Brexit: Sanitary/Phytosanitary Costs

Oral Answers to Questions — Finance – in the Northern Ireland Assembly at 3:15 pm on 30th June 2020.

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Photo of Declan McAleer Declan McAleer Sinn Féin 3:15 pm, 30th June 2020

11. Mr McAleer asked the Minister of Finance whether the UK Treasury has confirmed that it will cover the costs of checking sanitary and phytosanitary measures following the end of the transition period. (AQO 518/17-22)

Photo of Conor Murphy Conor Murphy Sinn Féin

The British Treasury has confirmed that it will, in principle, cover the infrastructure costs of checking sanitary and phytosanitary measures following the end of the transition period. I will continue to engage with Treasury to ensure that all costs of implementing the protocol are covered by the Exchequer.

Photo of Declan McAleer Declan McAleer Sinn Féin

The Minister will be aware that the fact that Britain is diverging from EU regulations and standards has increased the need for SPS checks at our ports and airports. Does the Minister agree that, in funding the cost of the expanded infrastructure and IT systems and controls, it would be very unfair if the financial burden was placed here, given the fact that the North voted to remain in the EU?

Photo of Roy Beggs Roy Beggs UUP

Again, that does not connect with the original question, and I will allow the Minister to decide whether he wishes to answer it.

Photo of Conor Murphy Conor Murphy Sinn Féin

I have been as flexible as you so far, so we may continue in the same vein.

In general terms, the Treasury and the British Government have committed, as part of their manifesto, to cover all costs associated with leaving the EU. From a political perspective, I wish that it was not the case that we were leaving at all. Nonetheless, we want to ensure that the exit from the EU is the least damaging that it can be. I thoroughly expect there to be damage as a consequence of leaving, and that is why it needs to be done in a careful, calibrated fashion. There is a commitment to cover all such costs, and it is incumbent on me, as the Finance Minister, and the Executive as a whole to hold the Government to that commitment.

Photo of Jonathan Buckley Jonathan Buckley DUP

In light of costs incurred by the UK Treasury and Her Majesty's Government, will the Minister join me in thanking Her Majesty's Treasury for the generous contributions throughout the COVID-19 crisis that have secured a lifeline for many businesses and civilians across Northern Ireland? Had it not been for that subvention, there is no doubt that many businesses would have gone under. In light of what he has said, can the Minister outline other potential financial packages or measures that may be introduced by Her Majesty's Treasury in light of COVID-19?

Photo of Conor Murphy Conor Murphy Sinn Féin

I am invited frequently by Members from the Benches opposite to thank the Government for their generosity. I remind the Member that we pay taxes here. The business support was, of course, very welcome. Any of this money is welcome; I have no difficulty in welcoming it.

I talk about the priority for investment. We had to prioritise investing in our health service, which has been under-resourced for years because of austerity measures. Vulnerable people have been under-resourced for years because of austerity measures. We had to channel things into areas that the Government in London have reduced our ability to spend public money on over the years.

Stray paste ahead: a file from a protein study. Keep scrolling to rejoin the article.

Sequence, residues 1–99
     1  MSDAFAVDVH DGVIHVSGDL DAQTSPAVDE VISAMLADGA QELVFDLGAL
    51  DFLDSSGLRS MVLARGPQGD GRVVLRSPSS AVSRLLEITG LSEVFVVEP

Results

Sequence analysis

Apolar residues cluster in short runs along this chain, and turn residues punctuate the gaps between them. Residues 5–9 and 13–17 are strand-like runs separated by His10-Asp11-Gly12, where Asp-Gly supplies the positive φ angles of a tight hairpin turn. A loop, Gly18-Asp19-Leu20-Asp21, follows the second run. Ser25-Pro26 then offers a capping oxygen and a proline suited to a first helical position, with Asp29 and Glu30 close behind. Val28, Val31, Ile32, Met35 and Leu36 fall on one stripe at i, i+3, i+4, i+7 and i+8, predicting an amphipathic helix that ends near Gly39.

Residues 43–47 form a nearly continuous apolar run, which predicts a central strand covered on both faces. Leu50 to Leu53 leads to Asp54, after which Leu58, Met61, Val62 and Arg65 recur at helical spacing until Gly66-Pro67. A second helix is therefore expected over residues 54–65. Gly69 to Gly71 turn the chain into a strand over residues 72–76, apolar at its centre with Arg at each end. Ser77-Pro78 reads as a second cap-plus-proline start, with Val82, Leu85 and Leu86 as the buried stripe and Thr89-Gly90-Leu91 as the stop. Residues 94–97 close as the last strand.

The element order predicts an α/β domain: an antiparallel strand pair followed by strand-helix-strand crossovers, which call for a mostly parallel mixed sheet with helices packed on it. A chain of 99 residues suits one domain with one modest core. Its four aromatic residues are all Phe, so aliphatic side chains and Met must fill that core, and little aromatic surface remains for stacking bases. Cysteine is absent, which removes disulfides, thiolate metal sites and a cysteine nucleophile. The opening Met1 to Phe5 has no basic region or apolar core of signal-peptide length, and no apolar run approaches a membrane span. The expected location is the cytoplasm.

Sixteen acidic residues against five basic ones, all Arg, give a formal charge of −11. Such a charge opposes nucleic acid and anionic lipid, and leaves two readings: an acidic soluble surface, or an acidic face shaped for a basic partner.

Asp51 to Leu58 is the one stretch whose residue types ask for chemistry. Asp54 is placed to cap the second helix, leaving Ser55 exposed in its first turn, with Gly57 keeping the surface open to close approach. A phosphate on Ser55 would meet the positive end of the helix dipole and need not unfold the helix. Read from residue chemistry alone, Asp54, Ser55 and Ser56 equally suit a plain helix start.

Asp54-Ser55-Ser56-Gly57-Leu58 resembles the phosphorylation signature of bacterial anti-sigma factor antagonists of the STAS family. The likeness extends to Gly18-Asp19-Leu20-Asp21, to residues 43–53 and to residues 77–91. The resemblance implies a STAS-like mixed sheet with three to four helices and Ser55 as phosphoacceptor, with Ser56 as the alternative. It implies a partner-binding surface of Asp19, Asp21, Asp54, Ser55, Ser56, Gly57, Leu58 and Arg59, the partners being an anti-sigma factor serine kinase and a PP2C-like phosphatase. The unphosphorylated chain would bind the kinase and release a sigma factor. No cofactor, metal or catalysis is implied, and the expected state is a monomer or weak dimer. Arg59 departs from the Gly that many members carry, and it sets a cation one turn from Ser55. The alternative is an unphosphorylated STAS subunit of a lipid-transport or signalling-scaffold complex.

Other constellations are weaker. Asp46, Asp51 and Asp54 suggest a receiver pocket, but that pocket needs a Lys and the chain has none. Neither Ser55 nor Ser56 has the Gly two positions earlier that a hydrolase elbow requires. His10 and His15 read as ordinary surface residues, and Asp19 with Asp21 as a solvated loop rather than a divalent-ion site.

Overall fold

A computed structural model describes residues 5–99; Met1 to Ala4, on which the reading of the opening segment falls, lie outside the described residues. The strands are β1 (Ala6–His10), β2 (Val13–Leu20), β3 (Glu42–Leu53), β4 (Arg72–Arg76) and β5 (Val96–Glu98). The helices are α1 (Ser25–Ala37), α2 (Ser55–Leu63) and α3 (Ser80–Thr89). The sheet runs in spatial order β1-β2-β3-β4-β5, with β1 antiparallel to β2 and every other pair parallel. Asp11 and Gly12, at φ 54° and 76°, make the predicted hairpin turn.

We are not aware of further financial packages. We are told that there may be announcements in July. We continue to engage with Treasury to get a sense of what those announcements will be. The Executive will be able to plan our economic recovery on the back of those.

Photo of Matthew O'Toole Matthew O'Toole Social Democratic and Labour Party

The Minister may not have seen it, as he has been answering questions here, but, in the last hour, the Treasury has said that there will be what it calls a "summer economic update" next Wednesday. In light of that and linking to the initial question, I ask this: will the Minister and the Executive ask for an urgent update on spending in relation to the EU exit and what will be disbursed to the devolved Administrations? There has been an ominous silence from London on the implementation of the Ireland protocol and broader EU exit matters. I ask the Minister to make representations to that effect, ahead of next Wednesday.

Photo of Conor Murphy Conor Murphy Sinn Féin

I assure the Member that we continue to make representations. Issues such as the shared prosperity fund and others that replace EU assistance, which we have benefited from enormously here over the years, are very vague and not at all encouraging in the lack of detail. It is not only us. In the joint meetings that I attend with the other devolved areas, the Scottish and Welsh similarly press for more detail and certainty on all that. I assure the Member that it is continuously on the agenda, and we will press not only for the cost of the exit to be met by the British Government but for the replacement and the operation and decision-making around whatever replaces EU funds to be the property of this institution.

Photo of Roy Beggs Roy Beggs UUP

That is the end of questions to the Minister of Finance. I ask Members to take their ease for a few moments.

(Mr Principal Deputy Speaker [Mr Stalford] in the Chair)